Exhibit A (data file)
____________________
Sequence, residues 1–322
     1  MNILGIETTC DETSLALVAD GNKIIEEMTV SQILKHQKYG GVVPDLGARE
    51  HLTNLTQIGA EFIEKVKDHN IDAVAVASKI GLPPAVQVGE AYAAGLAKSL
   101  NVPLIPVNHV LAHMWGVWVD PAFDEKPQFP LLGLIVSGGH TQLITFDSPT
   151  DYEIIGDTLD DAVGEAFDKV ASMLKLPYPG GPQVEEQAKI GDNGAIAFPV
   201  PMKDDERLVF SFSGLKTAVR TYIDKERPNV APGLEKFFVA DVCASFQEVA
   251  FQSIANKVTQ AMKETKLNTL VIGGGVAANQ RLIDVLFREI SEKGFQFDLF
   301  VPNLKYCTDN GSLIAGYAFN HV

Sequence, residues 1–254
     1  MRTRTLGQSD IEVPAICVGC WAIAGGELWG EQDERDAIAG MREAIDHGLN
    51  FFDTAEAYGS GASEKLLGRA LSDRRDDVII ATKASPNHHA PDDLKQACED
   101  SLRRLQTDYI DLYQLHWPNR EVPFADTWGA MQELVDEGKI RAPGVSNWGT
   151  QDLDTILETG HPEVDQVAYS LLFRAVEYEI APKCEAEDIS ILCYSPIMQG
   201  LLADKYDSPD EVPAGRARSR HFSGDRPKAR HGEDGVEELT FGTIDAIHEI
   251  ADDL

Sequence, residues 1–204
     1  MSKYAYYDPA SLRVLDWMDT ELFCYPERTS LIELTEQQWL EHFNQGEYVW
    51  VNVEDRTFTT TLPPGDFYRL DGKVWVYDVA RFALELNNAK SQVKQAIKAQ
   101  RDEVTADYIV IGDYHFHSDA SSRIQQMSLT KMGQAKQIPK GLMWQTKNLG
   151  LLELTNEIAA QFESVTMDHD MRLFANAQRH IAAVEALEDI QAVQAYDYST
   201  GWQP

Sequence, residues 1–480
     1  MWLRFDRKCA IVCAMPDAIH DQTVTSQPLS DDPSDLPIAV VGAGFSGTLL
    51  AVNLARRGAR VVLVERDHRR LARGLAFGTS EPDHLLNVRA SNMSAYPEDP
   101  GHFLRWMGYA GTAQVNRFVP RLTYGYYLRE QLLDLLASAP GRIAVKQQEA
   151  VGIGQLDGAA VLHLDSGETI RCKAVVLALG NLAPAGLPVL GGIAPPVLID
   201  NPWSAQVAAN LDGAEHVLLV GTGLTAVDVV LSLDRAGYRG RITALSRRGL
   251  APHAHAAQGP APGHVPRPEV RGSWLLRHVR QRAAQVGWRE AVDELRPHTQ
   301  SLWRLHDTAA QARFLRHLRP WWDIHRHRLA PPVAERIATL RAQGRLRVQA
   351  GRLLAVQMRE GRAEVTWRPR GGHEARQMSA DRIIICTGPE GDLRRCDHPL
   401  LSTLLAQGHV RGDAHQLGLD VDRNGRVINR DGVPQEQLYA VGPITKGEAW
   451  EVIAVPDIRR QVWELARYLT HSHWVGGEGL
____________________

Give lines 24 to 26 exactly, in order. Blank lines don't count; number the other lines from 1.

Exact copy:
    51  AVNLARRGAR VVLVERDHRR LARGLAFGTS EPDHLLNVRA SNMSAYPEDP
   101  GHFLRWMGYA GTAQVNRFVP RLTYGYYLRE QLLDLLASAP GRIAVKQQEA
   151  VGIGQLDGAA VLHLDSGETI RCKAVVLALG NLAPAGLPVL GGIAPPVLID